Got Wonky Walls?
You’re not alone.
Most homes are a little (or a lot) out of square on the inside walls. What this means is that if you put a perfect square into a corner, like the corner where a countertop goes, it’s not going to fit perfectly.
Maybe there is a little gap at the back or the side. Or, worse, at the back AND at the side.
Getting Granite Counters to Fit Right
Making counters that fit means first making a pattern. If the pattern fits, and the granite is cut with the pattern, then the finished counters will fit where they are supposed to.
We call these patterns granite templates.
Sometimes we need them, sometimes we don’t. When we come out to measure for your countertop job, we’ll see how square (or out of square) the walls are and then make the templates that we need.
Making a Granite Template the Old Fashioned Way
We’ve heard that there are snazzy ways to make templates.
We do ours the old fashioned way: by hand.
We do them this way because it works. It gives us a chance to understand the lay of the land, so to speak. It also gives us a few extra minutes to chat with our customers, to listen to what they really want out of their countertop job.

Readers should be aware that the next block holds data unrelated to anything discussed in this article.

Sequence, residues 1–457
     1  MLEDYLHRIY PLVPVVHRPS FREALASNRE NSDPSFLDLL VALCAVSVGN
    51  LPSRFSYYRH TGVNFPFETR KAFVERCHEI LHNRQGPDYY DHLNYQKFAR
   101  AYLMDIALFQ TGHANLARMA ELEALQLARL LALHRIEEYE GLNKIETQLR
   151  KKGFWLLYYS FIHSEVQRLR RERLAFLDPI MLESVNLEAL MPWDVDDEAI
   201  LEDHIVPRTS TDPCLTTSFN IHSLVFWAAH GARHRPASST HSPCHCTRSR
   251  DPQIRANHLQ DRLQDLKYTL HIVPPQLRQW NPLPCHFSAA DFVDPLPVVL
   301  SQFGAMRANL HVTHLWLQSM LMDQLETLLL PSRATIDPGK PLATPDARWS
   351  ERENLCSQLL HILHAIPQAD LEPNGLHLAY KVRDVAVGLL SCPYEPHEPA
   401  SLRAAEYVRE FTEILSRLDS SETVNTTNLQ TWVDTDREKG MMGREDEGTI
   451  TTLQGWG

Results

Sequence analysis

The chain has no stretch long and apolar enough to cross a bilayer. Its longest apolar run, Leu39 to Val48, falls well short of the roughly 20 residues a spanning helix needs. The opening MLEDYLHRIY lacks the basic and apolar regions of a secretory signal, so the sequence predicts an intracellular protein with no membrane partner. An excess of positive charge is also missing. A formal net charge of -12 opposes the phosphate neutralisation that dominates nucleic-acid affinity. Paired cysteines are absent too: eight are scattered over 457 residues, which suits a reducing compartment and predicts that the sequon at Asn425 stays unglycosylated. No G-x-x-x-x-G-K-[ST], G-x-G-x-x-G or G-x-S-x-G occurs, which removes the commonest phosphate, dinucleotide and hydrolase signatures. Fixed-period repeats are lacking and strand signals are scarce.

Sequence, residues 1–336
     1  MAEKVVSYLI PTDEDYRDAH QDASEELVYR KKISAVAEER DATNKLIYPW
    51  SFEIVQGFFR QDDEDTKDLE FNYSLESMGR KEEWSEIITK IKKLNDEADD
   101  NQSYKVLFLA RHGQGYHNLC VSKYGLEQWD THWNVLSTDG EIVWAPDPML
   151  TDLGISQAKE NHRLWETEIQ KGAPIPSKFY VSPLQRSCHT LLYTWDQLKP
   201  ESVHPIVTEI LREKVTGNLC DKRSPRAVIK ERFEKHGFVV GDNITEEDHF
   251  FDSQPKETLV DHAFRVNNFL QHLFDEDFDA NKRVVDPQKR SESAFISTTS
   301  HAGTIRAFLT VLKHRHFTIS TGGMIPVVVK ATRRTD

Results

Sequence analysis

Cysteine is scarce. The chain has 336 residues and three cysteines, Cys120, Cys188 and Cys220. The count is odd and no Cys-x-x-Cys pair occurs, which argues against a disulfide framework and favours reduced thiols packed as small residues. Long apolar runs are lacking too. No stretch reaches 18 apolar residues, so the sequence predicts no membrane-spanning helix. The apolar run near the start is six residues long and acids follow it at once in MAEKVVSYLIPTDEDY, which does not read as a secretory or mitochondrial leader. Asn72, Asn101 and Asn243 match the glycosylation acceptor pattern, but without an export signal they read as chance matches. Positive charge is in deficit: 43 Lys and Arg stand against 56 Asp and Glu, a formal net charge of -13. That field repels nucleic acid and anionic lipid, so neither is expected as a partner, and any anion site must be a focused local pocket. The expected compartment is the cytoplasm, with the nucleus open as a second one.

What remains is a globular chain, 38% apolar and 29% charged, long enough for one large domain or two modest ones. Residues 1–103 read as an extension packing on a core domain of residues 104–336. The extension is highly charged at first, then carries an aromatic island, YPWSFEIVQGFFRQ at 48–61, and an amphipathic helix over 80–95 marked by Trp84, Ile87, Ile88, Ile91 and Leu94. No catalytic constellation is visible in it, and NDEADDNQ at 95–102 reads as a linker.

Later, when we’re laying out the counters, we can use the templates to make sure that the most attractive parts of the granite ends up on the finished counters. They help us spot areas that would look better if the templates were moved a little bit to capture something special in the stone on prime countertop areas.
This is all the more important when the counters will be made from a stone that has lots of movement – areas where the coloration changes over large areas, sometimes in big sweeping swirls or lines.
Oh Yes! The Counters Fit!
We love it when our clients are happy with the finished job. One thing they often mention is how well the countertops fit, even in an old house with uneven walls. Making them to fit makes the whole job easier on everyone, and makes the installation go much smoother.
One extra note – the templates in the top two photos got done twice. One set for us to cut the job, and another set that went to a custom iron guy – Lee with Heart of Texas Metalworks. Lee is making a “torsion box”, a rigid metal frame to go under the countertop to provide the necessary support across the front of the counter. Without that frame, the front edge of the counter would have had too long of a span, and would most likely break when my sons jump up on the front edge to get to stuff in the cabinets above the washer and dryer. (No, they shouldn’t jump up there, but they most certainly will!)
Hopefully, we’ll get some photos up in a few weeks with the counters, and you can see the job from templating-to-installation. Maybe that can help you plan for your own countertop project!